One of my family’s earliest food businesses was a Personal Chef Business ran from home.
We started our Personal Chef Business in 2005 with just one customer. We built our Personal Chef Business into something much larger that now totally supports our family from the comfort of our home-based food business.
I can’t wait to share how we did it.
The 10 Ways To Get Personal Chef Customers
I’m going to organize these strategies to get new Personal Chef Clients in the order that new Personal Chef Businesses will use them. We’ll go from ways to get your very first customers to how to grow your business beyond a few customers a day.
The first two tactics are for brand new Personal Chef Businesses and they don’t have much profit margin, but read them carefully before discarding the ideas.
The value you gain from these first steps is going to build the foundation of success for your new business.
#1 At Cost Family And Friends
When starting a brand new Personal Chef Business you are going to need to practice the new skills that Personal Chef Needs.
This isn’t the article to deep dive into these new skills, but let’s make sure that you’re away of the most important skills you’ll need to practice.
Main Skills Needed To Run A Personal Chef Business
- Frozen Meal Recipe Design
- Menu Planning
- Grocery Shopping
- Packing & Transporting Cooking Equipment
- Packaging Of Meals
The first few times that you have a work-day as a Personal Chef, no matter how well you prepare, you are going to have a few problems. I did, and you will too.
The best place to face those learning moments (problems) is in the home of someone who knows you and loves you. Better yet, someone who knows that they are helping you out and getting a great deal at the same time.
When we started our Personal Chef Business, the first three cook-days were for either family or dear friends who agreed to help us work the kinks out of our new business.
They basically agreed to be our beta-test clients, and still cover the cost of their own groceries while we tossed in our time for free.
We approached each potential beta-test client we said something like this:
“We’re starting a Personal Chef Business, where we do all the menu planing, all the grocery shopping, and all the cooking…then we clean up the mess. All our clients are left with is healthy home-cooked meals in their refrigerator and freezer. But we need to practice. Would you be willing to let us cook for you in your kitchen? All it will cost you is the actual cost of the ingredients, and a testimonial that we can use in marketing.”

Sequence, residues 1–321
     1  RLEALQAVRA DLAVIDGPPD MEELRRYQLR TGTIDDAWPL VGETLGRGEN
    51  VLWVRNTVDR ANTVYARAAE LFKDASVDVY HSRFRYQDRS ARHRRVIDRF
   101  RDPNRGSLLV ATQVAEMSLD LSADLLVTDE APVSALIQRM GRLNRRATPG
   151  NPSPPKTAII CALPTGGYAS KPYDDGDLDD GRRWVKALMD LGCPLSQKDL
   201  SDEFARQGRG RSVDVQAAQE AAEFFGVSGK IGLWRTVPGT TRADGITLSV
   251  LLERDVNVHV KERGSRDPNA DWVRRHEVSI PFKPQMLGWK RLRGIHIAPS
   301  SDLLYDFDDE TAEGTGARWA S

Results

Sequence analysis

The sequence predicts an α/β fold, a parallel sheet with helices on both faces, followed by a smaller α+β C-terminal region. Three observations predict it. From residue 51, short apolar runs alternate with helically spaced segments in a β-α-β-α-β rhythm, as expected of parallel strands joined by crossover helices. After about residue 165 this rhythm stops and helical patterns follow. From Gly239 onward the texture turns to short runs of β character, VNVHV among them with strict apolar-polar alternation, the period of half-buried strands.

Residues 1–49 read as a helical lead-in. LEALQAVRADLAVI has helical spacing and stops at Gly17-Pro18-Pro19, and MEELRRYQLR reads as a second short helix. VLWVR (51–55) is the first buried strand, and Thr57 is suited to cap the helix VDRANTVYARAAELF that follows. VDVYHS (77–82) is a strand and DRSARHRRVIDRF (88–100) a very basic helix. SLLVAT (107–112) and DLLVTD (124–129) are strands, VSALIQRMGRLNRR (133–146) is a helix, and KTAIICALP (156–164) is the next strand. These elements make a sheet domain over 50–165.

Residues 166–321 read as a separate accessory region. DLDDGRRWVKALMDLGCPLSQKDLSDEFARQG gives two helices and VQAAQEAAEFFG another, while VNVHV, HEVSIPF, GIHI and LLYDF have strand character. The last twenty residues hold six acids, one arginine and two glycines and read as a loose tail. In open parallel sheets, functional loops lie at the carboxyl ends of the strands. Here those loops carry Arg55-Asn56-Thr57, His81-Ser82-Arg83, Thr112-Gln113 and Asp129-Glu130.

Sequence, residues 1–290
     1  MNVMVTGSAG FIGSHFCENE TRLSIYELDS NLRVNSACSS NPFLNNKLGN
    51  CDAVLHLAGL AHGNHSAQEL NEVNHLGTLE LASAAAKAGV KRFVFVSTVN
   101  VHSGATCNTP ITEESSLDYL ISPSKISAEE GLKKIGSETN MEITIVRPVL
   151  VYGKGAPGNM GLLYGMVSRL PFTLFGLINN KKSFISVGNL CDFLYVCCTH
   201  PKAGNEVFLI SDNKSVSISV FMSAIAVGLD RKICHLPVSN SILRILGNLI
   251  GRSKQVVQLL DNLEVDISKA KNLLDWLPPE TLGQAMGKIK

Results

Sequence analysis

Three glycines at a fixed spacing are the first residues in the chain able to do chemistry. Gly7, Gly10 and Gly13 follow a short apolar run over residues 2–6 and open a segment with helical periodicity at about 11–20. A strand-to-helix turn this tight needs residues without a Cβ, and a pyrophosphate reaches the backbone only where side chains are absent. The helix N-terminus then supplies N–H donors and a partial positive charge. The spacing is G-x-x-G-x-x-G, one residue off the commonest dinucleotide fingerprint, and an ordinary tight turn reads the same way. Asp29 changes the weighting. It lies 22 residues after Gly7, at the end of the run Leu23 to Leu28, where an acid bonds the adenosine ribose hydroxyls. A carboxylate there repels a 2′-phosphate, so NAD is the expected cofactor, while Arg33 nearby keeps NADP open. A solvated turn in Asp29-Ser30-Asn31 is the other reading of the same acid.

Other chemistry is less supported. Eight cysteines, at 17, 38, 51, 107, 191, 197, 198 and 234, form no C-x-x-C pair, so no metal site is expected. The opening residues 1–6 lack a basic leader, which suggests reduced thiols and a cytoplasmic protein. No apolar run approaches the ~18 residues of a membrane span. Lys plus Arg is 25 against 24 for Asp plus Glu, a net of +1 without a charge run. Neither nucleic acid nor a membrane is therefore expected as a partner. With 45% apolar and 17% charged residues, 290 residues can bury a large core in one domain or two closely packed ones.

Everyone we asked said yes, because they know us and love us.
The experience and feedback that we received was invaluable and become the foundation of our new business.
The testimonials were used in nearly every other marketing effort for our new Personal Chef Bussiness.
The investment of our time in these first cook-days had a huge return-on-investment (ROI), and I encourage you to start the same way.
P.S. When we started in 2005, we just asked for testimonials in writing. In the current world, I’d start asking for a written testimonial, but if it felt right I’d ask for a picture to share with the testimonial. If you think there is a chance, you should also ask for a video testimonial. A video is powerful!
#2 Half Price Friends of Friends
The next step to getting new customers is to ask the family and friends from your first cook days (your beta-test clients) to think about two friends who might be interested in trying your new Personal Chef Business with a discount for first-time early customers.
Then, very politely ask your beta-testers to mention your business to their friends in the coming days and weeks.
Each time someone says they are willing to try your new small business for first-time customer discount, have your beta-tester get their phone number to you and you’ll contact them personally.
Don’t be afraid to frame this request as a continuation of their help launching your new small business. People love to be part of a small business story, and especially people who know you and love you.
#3 Brochures & Word Of Mouth
Now it’s time to build your first Personal Chef brochure.
After cooking for your beta-testers and first discounted customers, you now have the bits that you need for a quality brochure.
- Pictures Of Happy Customers
- Pictures of You Working
- Pictures of Your Food
You can design your brochures yourself, or hire a designer. When first starting, I’d suggest that you do them yourself.
Many of the online print shops have tools where you can design your brochure online with a drag and drop interface.
Keep in mind that at this point in your Personal Chef Startup, people know you are a local small business. They don’t expect your marketing material to look like that of a Fortune 500 company.
Don’t spend too much time or money on this…good enough is just right. If it’s not polished, just make sure it’s charming and authentic.
You can do this.
#4 Local Press Release
You are going to be surprised how much traction a local press release can get for your new small business. Local media loves feel-good local small business stories.
Be sure to send it to all of your local media outlets and business organization. These include:
- TV Stations
- Radio Stations
- Chamber of Commerce
Send your press release to the generic ‘news’ email address for each outlet, but also send it directly to anyone who you personally know who works for those organizations.